Larry McIntyre

Larry McIntyre was born in Evanston, Ill. in 1956. After graduating from Western Michigan University, he worked in outdoor advertising for a year in Kalamazoo, Mich. waiting for his wife, Beth, to graduate in 1980 so they could move to Florida. He will tell you he spent a year “out West” at Mammoth Lakes, Calif. prior to college as a ski bum. He eventually decided he did not want to chop wood and shovel snow for the rest of his life, so he came back to Michigan to get a college degree.

McIntyre started his career in 1981 as a sales representative with one of Clear Channel Outdoor’s predecessor companies, Peterson Outdoor. He initially focused on selling inventory that was considered at the time to be located in “fringe areas” of Orlando, in Brevard County, essentially creating this market. He opened the first office in Brevard with a team of three, but grew it to a staff of more than 24 over the years.

He has been a friend and mentor to many individuals within the community over the years. He has held leadership positions on the boards of many organizations such as the Cocoa Beach Chamber of Commerce and CVB, Space Coast Tourism Association, BusinessVoice, Space Coast Sports Association, Cocoa Village Playhouse, Junior Achievement, Melbourne Regional Chamber, PREVENT of Brevard and Brevard Library Foundation, just to name a few. He was also a board member of the Florida Outdoor Advertising Association, and has been an industry expert and liaison with the FDOT on state regulations and management issues.

“JA was a much smaller organization 19 years ago, and it was struggling,” said McIntyre. “For the first year or two, I was just learning, and then over time I got more active and encouraged my employees to volunteer. I was active on the board and rose in the ranks over the years, but I guess I’m proudest of teaching the entrepreneurial course and the Blastoff Challenge.”

Last year, he had a team place second in the Blastoff Challenge, and each member won a $10,000 scholarship. A young female team member told him she was going to be able to go to college because of that money. “That’s what JA’s about,” he said. “That’s what JA means to me, seeing what it does for the students.”

McIntyre has been married to his wife, Beth, since 1978. They have a daughter, Molly, and a son, Adam. They welcomed their first grandson, West, in 2017.

Jim Barfield

Jim Barfield was elected to the Brevard County Board of County Commissioners for District 2 in November 2014. He currently serves on more than 12 boards throughout the community.

He is also president and CEO of Luke & Associates, headquartered in Rockledge. Luke & Associates provides medical personnel for military medical treatment facilities worldwide in non-combat zones. It also provides direct medical care to troops and their families.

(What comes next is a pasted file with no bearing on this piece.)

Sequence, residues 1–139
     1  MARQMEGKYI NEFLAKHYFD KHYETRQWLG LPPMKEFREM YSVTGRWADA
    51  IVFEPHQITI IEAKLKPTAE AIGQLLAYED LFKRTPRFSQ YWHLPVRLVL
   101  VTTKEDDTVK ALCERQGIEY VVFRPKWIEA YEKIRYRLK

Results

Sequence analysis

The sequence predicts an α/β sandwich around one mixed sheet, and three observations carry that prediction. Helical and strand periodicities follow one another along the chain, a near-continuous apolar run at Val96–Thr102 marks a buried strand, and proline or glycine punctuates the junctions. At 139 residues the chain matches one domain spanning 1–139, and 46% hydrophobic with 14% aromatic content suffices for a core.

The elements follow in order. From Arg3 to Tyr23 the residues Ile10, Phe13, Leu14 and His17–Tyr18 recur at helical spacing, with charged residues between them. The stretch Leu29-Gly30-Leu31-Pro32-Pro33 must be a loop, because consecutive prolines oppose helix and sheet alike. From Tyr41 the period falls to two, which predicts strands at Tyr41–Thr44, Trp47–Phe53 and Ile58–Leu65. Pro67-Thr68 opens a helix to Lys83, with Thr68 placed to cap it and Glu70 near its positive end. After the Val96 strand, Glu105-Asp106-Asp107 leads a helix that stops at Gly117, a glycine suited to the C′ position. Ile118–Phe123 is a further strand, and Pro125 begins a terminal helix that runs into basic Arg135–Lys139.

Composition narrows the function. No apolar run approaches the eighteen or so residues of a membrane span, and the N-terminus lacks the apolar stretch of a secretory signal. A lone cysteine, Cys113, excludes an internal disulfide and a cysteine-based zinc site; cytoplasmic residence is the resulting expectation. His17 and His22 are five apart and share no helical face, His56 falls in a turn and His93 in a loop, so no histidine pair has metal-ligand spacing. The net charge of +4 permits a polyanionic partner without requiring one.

Barfield earned a Masters of Public Health, Health Policy and Management from the University of South Florida and a B.S. in Environmental Health from East Tennessee State University. Barfield and his wife, Darleen, have been married for more than 37 years and have two sons, Carter and Gordon, along with four grandchildren.

“I’ve worked since I was 10 years old, always working paper routes or whatever, and I never had anything like JA available to me in school,” he said. “Fast-forward my life and now I’m in business and business is pretty good. I looked around at different things I wanted to do to get involved in the community. I wanted to try to find a means to transfer business and financial principals to our kids. At a meeting one evening, I was approached by friends who were JA board members. I thought it was such a great idea and format.”

Barfield jumped right in. He spoke to the entrepreneurial club twice and loved doing it.  Recently, he spoke to fifth graders at a JA in a Day event, and he enjoyed that, too. He most relishes the activities and the students’ reactions to them.

“JA is one of the best programs available, and it offers so much payback for the future,” he said. It’s not about now; it’s about the future, and that’s what I’m most concerned about. It’s great to have instant gratification, but the important thing to consider is where this kid will be 10 or 20 years from now. What can we tell them today that will make a difference in their lives forever?”

Barfield points out there are many people currently volunteering for Junior Achievement who were in JA a long time ago as students and who can now say to current students, “Look what it has done for me.”

“If nothing else, I believe JA programs give students more self confidence,” he said. “Add back to that more experience with business and financial principles, and you begin to see what makes JA so important.”